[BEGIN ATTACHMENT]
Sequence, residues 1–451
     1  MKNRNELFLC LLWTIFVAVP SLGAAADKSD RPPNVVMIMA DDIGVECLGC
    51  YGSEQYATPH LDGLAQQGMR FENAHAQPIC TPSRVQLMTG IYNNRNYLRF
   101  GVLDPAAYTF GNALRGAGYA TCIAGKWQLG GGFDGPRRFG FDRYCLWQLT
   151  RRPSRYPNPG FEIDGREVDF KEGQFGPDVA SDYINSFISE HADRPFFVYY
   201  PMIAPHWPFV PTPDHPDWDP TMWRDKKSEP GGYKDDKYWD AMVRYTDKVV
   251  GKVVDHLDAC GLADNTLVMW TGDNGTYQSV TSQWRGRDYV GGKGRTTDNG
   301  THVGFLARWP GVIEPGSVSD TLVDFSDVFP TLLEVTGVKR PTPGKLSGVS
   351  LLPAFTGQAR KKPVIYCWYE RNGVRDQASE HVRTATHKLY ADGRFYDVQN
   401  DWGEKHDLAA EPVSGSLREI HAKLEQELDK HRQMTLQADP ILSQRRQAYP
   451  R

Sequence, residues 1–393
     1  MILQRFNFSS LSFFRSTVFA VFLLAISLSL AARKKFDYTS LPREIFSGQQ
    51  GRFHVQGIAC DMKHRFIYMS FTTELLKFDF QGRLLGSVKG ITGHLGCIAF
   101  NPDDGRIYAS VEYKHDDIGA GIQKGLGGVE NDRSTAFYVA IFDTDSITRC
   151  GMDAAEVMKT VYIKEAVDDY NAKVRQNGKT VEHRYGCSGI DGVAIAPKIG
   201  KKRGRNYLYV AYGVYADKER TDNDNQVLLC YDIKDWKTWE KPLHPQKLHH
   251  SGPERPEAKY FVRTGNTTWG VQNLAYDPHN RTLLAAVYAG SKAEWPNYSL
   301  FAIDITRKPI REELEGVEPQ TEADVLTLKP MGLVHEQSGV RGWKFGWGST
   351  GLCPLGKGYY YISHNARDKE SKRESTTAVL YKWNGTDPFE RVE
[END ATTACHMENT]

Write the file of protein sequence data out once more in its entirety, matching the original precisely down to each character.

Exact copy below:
Sequence, residues 1–451
     1  MKNRNELFLC LLWTIFVAVP SLGAAADKSD RPPNVVMIMA DDIGVECLGC
    51  YGSEQYATPH LDGLAQQGMR FENAHAQPIC TPSRVQLMTG IYNNRNYLRF
   101  GVLDPAAYTF GNALRGAGYA TCIAGKWQLG GGFDGPRRFG FDRYCLWQLT
   151  RRPSRYPNPG FEIDGREVDF KEGQFGPDVA SDYINSFISE HADRPFFVYY
   201  PMIAPHWPFV PTPDHPDWDP TMWRDKKSEP GGYKDDKYWD AMVRYTDKVV
   251  GKVVDHLDAC GLADNTLVMW TGDNGTYQSV TSQWRGRDYV GGKGRTTDNG
   301  THVGFLARWP GVIEPGSVSD TLVDFSDVFP TLLEVTGVKR PTPGKLSGVS
   351  LLPAFTGQAR KKPVIYCWYE RNGVRDQASE HVRTATHKLY ADGRFYDVQN
   401  DWGEKHDLAA EPVSGSLREI HAKLEQELDK HRQMTLQADP ILSQRRQAYP
   451  R

Sequence, residues 1–393
     1  MILQRFNFSS LSFFRSTVFA VFLLAISLSL AARKKFDYTS LPREIFSGQQ
    51  GRFHVQGIAC DMKHRFIYMS FTTELLKFDF QGRLLGSVKG ITGHLGCIAF
   101  NPDDGRIYAS VEYKHDDIGA GIQKGLGGVE NDRSTAFYVA IFDTDSITRC
   151  GMDAAEVMKT VYIKEAVDDY NAKVRQNGKT VEHRYGCSGI DGVAIAPKIG
   201  KKRGRNYLYV AYGVYADKER TDNDNQVLLC YDIKDWKTWE KPLHPQKLHH
   251  SGPERPEAKY FVRTGNTTWG VQNLAYDPHN RTLLAAVYAG SKAEWPNYSL
   301  FAIDITRKPI REELEGVEPQ TEADVLTLKP MGLVHEQSGV RGWKFGWGST
   351  GLCPLGKGYY YISHNARDKE SKRESTTAVL YKWNGTDPFE RVE